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## Main Question or Discussion Point

Can anyone think of an example of an infinite group that has elements with a finite order?

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Can anyone think of an example of an infinite group that has elements with a finite order?

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Ben Niehoff

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How about (0,1) , in Z(+)Z/2 ?

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I imagine eddy wants the elements to have finite order under the operation of the ambient group, not under the operation of the subgroups.

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Ben Niehoff

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But in my example they are the same. For example, [itex]e^{i \pi /4}[/itex] has finite order in U(1), while [itex]e^{i \pi / \sqrt{2}}[/itex] has infinite order.

I imagine eddy wants the elements to have finite order under the operation of the ambient group, not under the operation of the subgroups.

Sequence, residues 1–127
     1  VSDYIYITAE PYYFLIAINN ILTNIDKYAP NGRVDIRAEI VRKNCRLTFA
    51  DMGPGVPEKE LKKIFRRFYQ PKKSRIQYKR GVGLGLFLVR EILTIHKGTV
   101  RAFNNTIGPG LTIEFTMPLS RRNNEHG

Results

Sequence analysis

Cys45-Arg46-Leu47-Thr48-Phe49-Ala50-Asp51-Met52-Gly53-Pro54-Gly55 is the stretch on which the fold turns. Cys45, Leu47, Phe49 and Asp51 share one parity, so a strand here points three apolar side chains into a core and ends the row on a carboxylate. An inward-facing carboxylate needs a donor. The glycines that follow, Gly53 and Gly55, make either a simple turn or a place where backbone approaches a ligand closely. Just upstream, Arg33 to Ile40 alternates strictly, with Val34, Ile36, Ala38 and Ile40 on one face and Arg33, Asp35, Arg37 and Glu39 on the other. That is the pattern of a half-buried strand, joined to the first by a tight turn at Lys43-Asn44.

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How does the element 1 have finite order in the group you described Bacle?

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Ben Niehoff

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Yet another construction is to take any finite group G and construct the group [itex]H = G \times \mathbb{Z}[/itex]. Then H has elements of finite order given by (g, 0), and all elements of the form (g, z) for [itex]z \neq 0[/itex] have infinite order.

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Ben Niehoff

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http://en.wikipedia.org/wiki/Direct_product_of_groups

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Eddyski3:

The group Z(+)Z/2 is the direct sum of groups, which carries the operation of the first group in the first component, and the operation of the second group in the second component, so that:

(a,b)+(a',b'):= (a+'_{Z}a', b+'_{Z/2}b') , so you add the first

components as if you were in Z, and the other components as if you were in Z/2,

so (0,1)+(0,1)=(0+0,1+1)=(0,0).

Ben:

You're right, I missed your point; any rational multiple of pi will have finite order.

The group Z(+)Z/2 is the direct sum of groups, which carries the operation of the first group in the first component, and the operation of the second group in the second component, so that:

(a,b)+(a',b'):= (a+'

components as if you were in Z, and the other components as if you were in Z/2,

so (0,1)+(0,1)=(0+0,1+1)=(0,0).

Ben:

You're right, I missed your point; any rational multiple of pi will have finite order.

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